AFACT is seeking to be exempted from 40 per cent of costs in its trial brought against iiNet, despite Justice Cowdroy's original judgement ordering AFACT to pay all costs.
While iiNet was awarded the case, AFACT is citing four separate issues within the trial it claims to have won over iiNet, therefore relinquishing its accountability for these specific costs.
Specifically, the issues cover iiNet's failed Telecommunications Act defence, and its unsuccessful claim that it was protected under section 112E of the Copyright Act.
Appearing today in the Federal Court, Justice Cowdroy sought clarification from AFACT as to how it calculated this percentage.
"You're saying you should not meet more than 60 per cent of costs," he said. "Are you then allocating 10 per cent to each of these issues?"
AFACT representative John Hennessey then went into lengthy detail of past cases that awarded proportionate costs at the conclusion of the trial.
"I am highlighting a contemporary practice in courts of the proportioning of costs," he said.
He further went on to say that AFACT considered this a case in which neither party was successful.
Justice Cowdroy asked the applicant to clarify this, as the case had been awarded to iiNet.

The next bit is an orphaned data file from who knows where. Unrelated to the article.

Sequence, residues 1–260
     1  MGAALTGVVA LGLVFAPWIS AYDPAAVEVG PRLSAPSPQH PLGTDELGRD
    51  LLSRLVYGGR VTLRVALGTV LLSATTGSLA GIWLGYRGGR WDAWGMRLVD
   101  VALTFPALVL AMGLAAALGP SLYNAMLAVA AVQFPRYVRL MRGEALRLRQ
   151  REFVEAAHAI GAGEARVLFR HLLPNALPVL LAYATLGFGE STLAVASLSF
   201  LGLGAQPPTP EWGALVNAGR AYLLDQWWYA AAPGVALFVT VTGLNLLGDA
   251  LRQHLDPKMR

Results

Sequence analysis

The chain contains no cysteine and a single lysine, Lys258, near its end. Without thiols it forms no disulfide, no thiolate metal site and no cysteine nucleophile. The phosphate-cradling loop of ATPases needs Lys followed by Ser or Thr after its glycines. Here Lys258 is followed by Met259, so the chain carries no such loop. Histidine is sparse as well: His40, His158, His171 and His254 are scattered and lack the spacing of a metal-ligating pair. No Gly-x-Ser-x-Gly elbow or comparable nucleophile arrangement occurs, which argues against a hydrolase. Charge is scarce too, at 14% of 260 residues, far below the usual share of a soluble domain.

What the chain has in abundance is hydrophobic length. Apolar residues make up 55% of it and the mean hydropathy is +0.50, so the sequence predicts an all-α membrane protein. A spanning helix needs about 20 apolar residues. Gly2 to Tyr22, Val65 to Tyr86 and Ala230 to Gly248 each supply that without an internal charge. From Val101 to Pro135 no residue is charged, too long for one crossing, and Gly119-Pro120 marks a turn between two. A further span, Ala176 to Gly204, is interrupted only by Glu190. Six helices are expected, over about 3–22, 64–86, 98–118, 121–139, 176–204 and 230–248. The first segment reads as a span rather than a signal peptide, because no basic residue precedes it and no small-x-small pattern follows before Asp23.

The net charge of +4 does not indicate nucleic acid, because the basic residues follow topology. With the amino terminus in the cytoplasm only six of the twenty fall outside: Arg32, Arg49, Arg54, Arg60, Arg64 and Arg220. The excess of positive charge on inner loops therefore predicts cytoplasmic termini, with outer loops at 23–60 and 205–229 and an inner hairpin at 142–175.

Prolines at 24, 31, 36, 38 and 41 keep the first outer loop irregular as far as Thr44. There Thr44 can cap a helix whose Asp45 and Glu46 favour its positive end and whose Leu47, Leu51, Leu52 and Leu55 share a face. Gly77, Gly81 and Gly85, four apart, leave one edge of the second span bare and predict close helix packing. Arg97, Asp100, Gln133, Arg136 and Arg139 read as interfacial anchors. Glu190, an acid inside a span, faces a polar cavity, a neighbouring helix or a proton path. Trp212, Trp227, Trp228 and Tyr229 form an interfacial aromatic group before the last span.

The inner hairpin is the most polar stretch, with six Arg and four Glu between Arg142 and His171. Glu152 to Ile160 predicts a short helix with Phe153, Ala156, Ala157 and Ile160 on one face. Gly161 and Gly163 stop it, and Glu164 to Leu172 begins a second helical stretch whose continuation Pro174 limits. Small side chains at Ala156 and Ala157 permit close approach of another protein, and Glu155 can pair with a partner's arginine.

"Is it the ultimate orders of the court that judges whether the case is ultimately successful?" he asked. "What's mixed about this case?" Justice Cowdroy continued, saying that the judgement was clear.
In referring to past cases where the judge awarded proportionate costs, Hennessey said that authorities looked within each case and addressed issues within a proceeding rather than looking at the specific outcome.
"This is an appropriate candidate for proportionment," he said. "iiNet had addressed the four issues as discrete matters."
Justice Cowdroy conceded that the way the case was conducted helps AFACT on its application.
"Your submissions have been very clear. You've put them very powerfully," he said.
In response to the application, iiNet representative Richard Cobden said that the cases AFACT highlighted as precedent for the payment of proportional costs should not apply in this instance.
"Conditions are different if a respondent is brought to court against his will," he said. "The costs follow the event."
He pointed out that even if iiNet had not succeeded, it would be entitled to orders and indemnity costs.
AFACT said that iiNet's assertion that only a "miniscule" amount of time was spent on discussing the four issues in question was "quite unbelievable".
Cobden replied with calculations that the issues in question took up between one and three percent of the court transcripts.
Justice Cowdroy reserved his decision in order to consider the comprehensive evidence provided by each side.